What is the cause of Scalp Folliculitis?
The exact etiology and causes of Scalp Folliculitis is not known. However, experts believe that Scalp Folliculitis is caused due to inflammation of hair follicles mainly following a microbial infection. The infection causing microorganisms include,
Bacteria: Propionibacterium acnes, Cutibacterium acnes, Staphylococcus aureus and pseudomonas
Yeast or Fungi: Malassezia species, Dermtophytes and Pityrosporum folliculate
Mites: Demodex folliculorum
Viruses: Mulloscum contangiosum and Herpes simplex
Although infection is the main cause of Scalp Folliculitis, other factors that irritate the scalp skin and increase the likelihood of hair follicle infection are also considered as contributing factors to development of Scalp Folliculitis .The other external factors that could increase the risk of Scalp Folliculitis include,
- Excessive use of hair cosmetics such as hair oils, styling products, shampoos, etc. that could irritate the skin of scalp and cause inflammation.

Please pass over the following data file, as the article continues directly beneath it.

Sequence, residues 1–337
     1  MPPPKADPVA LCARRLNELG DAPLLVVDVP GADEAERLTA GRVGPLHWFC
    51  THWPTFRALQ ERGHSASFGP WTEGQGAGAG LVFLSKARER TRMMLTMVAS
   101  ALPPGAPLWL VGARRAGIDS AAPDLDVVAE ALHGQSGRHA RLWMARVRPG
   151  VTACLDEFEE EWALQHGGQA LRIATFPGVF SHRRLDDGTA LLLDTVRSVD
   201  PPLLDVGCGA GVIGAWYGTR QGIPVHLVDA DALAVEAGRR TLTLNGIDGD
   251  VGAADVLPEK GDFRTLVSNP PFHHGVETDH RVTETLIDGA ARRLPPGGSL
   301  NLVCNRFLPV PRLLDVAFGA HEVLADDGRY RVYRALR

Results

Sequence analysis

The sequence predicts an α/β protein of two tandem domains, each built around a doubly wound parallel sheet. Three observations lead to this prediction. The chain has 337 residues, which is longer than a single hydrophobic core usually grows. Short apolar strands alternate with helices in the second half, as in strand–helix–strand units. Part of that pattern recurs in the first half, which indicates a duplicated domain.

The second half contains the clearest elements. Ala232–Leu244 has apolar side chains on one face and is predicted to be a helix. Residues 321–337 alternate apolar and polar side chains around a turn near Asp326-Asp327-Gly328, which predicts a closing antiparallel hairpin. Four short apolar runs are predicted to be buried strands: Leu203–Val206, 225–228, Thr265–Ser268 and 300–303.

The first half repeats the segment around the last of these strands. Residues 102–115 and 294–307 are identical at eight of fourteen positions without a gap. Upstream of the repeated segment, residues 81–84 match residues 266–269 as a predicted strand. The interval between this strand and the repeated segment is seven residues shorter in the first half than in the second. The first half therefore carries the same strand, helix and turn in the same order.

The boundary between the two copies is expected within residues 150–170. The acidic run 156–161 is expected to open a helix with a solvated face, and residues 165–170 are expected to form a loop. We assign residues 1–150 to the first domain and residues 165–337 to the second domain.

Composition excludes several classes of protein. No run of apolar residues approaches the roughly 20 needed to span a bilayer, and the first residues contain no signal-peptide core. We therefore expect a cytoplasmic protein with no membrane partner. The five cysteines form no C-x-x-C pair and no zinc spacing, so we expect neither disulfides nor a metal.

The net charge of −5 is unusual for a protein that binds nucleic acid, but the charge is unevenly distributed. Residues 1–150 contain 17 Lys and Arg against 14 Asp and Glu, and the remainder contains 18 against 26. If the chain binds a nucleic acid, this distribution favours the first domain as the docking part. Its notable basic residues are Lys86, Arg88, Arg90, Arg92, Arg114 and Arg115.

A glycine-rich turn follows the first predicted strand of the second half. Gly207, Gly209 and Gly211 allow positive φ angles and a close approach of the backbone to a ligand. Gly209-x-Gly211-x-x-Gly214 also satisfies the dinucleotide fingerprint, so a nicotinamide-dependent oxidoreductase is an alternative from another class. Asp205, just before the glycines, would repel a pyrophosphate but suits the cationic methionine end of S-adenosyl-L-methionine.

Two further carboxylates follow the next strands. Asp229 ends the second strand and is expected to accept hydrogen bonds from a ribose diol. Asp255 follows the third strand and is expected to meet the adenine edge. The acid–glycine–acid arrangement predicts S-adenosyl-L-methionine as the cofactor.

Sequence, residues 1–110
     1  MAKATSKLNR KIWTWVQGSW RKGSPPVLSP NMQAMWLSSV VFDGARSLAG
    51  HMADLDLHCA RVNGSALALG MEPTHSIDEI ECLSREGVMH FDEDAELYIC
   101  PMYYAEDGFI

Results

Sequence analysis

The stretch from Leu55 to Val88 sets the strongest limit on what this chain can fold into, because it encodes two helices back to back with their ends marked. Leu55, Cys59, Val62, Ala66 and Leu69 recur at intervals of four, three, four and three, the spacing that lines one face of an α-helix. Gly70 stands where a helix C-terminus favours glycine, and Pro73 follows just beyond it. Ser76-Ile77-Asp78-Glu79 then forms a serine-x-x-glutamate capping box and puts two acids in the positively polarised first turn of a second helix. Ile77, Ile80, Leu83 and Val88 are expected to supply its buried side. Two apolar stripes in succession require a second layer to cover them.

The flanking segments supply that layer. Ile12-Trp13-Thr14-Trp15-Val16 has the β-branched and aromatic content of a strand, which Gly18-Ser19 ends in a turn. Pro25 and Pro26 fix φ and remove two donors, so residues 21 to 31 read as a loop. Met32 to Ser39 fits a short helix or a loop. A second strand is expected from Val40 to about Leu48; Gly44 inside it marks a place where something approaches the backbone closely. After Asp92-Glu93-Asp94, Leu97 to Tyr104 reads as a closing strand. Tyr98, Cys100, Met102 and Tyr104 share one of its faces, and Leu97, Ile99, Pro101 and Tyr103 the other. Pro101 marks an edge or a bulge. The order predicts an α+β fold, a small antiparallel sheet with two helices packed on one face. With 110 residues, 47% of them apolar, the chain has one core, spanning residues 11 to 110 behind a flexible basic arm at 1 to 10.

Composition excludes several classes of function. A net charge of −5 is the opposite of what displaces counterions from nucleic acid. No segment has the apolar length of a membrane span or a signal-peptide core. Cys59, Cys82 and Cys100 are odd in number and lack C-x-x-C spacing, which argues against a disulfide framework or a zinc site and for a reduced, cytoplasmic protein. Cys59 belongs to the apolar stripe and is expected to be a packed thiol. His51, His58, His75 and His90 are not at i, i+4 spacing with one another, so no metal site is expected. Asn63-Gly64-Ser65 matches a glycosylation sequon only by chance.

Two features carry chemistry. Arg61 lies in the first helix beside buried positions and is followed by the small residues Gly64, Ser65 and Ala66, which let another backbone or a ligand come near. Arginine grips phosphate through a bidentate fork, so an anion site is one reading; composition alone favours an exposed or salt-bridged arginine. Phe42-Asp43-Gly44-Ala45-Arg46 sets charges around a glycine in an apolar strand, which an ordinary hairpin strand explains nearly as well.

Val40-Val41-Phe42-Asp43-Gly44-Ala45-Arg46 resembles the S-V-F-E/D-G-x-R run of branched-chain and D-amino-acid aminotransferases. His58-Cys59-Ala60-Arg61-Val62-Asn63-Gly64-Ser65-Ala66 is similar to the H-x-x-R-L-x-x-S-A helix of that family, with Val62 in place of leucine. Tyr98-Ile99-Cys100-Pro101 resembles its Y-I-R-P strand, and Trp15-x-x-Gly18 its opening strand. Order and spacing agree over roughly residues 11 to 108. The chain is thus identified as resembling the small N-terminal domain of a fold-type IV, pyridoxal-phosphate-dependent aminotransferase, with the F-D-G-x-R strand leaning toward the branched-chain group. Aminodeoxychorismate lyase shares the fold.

- Using public swimming pools or sharing other hygiene items that are not clean
- Having an injury such as cuts or bruises on scalp which could get infected and further spread to hair follicles
- Illnesses that lower immune power of the body. E.g. Cancer or HIV infection
What are the Risk Factors for Scalp Folliculitis?
Scalp Folliculitis can affect anyone; however, certain factors make one individual more susceptible to infections over other. Since scalp has the maximum number of hair follicles, it is the most common site for Folliculitis. Men who have thick beard also are at risk of having Folliculitis of hair. Following are some risk factors that increase the chances of developing Scalp Folliculitis
- Having acne breakouts
- Male gender
- Having thick and curly hair especially in men